Last Friday UNISON stated: ‘The big 3 European Public Sector unions – UNISON, the Italian union CGIL and German union Ver.di – are forming an historic alliance to lead the fight against European Governments handing over billions of pounds to failed banks and big business, whilst planning cuts in public services.

‘The unions are demanding that Governments across Europe put people first and take urgent action to build a fairer society and beat the crisis.

‘The 3 unions are committing themselves to take “our peoples’ agenda” to the heart of every Government in Europe and looking to others to join the campaign.

‘Ahead of joining the G20 march and rally tomorrow (March 28) the General Secretaries of the big 3 – Dave Prentis, UNISON, Frank Bsirske, President of ver.di and Carlo Podda, General Secretary of Funzione Pubblica CGIL – will be signing the agreement at 9.30 AM at the Novotel Hotel, Euston Road, London. The agreement will call on Governments to:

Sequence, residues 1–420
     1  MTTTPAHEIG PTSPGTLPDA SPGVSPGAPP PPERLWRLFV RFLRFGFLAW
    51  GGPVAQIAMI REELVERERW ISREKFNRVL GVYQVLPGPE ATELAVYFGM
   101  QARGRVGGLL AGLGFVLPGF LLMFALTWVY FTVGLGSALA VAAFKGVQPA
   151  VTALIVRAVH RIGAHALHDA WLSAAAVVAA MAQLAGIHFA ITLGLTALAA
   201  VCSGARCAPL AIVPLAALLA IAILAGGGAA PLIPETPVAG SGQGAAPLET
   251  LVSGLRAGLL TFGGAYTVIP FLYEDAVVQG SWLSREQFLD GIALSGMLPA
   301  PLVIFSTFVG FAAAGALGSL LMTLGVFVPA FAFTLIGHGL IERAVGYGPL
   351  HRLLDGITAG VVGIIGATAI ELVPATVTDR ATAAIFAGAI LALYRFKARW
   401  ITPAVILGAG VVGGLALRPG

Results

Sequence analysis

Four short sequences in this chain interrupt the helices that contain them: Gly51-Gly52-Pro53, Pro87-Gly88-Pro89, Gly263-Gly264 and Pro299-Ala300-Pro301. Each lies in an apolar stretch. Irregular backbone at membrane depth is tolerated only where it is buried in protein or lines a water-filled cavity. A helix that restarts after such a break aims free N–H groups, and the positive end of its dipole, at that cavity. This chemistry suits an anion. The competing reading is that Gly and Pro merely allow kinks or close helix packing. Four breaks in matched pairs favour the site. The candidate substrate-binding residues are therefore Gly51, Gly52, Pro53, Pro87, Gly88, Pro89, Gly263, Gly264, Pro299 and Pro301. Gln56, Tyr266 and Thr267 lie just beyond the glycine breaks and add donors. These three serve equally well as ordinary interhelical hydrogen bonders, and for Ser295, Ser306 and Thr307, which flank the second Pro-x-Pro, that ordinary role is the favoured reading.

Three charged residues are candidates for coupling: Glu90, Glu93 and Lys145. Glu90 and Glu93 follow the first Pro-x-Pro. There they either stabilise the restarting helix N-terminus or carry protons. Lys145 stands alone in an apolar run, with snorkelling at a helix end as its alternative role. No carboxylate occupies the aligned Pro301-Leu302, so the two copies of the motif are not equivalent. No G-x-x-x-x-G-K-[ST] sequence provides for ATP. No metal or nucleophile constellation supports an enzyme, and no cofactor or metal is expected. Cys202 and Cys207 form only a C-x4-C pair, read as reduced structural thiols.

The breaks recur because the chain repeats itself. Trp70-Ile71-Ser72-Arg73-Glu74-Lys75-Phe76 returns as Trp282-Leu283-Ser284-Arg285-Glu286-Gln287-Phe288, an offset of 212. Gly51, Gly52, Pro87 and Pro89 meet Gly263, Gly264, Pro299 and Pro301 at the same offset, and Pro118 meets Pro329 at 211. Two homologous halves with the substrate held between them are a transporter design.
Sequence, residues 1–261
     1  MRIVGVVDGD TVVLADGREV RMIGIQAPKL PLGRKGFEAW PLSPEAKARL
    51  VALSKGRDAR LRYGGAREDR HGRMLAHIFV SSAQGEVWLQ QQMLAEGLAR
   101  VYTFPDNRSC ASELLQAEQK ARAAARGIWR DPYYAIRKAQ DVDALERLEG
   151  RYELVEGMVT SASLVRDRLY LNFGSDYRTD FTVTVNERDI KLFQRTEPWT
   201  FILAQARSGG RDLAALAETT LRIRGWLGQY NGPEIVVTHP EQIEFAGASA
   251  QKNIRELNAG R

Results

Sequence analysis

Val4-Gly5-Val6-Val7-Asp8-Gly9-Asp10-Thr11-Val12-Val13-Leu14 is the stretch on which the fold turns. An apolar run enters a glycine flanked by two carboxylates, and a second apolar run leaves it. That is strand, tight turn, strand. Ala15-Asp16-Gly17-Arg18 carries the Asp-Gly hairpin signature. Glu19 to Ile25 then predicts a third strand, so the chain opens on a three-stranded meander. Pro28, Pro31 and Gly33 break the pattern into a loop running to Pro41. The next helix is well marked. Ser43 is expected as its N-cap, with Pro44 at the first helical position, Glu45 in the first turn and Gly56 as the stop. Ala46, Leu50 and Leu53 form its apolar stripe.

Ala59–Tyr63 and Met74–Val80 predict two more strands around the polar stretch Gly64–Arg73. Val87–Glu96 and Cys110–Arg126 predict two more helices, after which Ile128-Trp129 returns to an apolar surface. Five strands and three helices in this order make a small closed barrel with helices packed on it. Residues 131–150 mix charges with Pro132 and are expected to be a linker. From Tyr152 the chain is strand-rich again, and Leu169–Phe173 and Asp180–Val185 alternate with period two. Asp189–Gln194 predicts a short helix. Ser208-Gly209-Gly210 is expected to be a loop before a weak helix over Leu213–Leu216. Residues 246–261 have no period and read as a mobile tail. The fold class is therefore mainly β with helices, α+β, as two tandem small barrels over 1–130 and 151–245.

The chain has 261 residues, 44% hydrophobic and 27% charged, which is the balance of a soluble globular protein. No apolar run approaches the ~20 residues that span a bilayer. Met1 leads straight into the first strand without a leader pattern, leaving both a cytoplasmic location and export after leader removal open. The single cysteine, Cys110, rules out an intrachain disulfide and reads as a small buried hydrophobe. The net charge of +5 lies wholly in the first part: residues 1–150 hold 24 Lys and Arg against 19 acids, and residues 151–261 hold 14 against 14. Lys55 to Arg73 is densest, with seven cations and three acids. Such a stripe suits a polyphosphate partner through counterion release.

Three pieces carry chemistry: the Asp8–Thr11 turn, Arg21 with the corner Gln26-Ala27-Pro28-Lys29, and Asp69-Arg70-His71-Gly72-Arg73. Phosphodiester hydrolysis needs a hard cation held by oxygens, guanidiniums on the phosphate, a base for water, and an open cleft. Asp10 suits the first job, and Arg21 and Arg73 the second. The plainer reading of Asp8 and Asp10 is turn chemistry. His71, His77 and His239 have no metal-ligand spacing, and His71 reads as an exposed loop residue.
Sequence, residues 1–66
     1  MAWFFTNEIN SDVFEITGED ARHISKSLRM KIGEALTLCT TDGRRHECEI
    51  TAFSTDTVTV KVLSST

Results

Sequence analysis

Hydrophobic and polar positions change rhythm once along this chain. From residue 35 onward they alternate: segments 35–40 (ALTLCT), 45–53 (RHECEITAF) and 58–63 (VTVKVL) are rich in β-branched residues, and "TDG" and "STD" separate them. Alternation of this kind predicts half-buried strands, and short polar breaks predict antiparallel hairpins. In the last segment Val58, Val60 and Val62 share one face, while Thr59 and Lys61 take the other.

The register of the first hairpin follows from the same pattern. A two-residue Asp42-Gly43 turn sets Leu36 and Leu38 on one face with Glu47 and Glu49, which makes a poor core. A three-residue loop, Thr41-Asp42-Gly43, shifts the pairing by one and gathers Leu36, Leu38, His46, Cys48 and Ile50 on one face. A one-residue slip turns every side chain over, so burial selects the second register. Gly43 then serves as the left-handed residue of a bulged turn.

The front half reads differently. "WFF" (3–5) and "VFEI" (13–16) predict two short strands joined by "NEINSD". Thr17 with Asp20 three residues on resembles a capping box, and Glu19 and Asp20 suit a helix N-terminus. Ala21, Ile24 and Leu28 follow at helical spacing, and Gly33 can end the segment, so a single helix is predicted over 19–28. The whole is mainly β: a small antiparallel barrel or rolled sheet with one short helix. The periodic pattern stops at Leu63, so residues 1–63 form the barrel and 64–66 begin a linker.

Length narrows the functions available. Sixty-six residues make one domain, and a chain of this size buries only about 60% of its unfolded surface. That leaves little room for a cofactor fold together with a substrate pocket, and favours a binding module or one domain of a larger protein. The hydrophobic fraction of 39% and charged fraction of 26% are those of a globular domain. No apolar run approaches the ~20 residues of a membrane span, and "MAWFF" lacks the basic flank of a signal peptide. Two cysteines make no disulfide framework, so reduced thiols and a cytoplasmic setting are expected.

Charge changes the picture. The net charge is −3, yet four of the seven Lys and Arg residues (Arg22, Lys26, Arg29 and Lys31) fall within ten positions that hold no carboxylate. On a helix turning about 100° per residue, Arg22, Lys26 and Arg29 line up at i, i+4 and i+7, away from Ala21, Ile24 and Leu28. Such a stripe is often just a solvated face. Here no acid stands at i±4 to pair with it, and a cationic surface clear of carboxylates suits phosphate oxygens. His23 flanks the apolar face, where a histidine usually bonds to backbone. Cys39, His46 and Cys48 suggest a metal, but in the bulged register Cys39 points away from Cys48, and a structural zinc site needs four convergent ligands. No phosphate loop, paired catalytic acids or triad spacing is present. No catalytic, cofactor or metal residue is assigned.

• Protect people’s jobs

• To defend public services

• Build a Greener New Deal

• And a Social Europe

‘The G20 march through London kicks off plans for further action across Europe in Prague, Berlin, Brussels and Madrid.

‘UNISON is the UK’s largest public sector trade union, with 1.3 million people working in the National Health Service, local government and in education. The union mobilised an all-out strike of more than 1 million local government workers in July 2008 over pay.

‘Ver.di is the biggest trade union in the democratic world with nearly three million members. In 2006 2.4 million of these members went on strike to secure better pay and to defend their working hours.

The union also has members in the private sector. In 2008 hundreds of flights were cancelled through airports when Ver.di members took industrial action against pay cuts.

‘CGIL (Italian General Confederation of Labour) is one of the most radical trade unions in the world. In 2002 they organised one of the biggest strikes in history, when 3 million workers marched through the streets of Rome against government plans to give employers an unrestricted right to fire their workers.’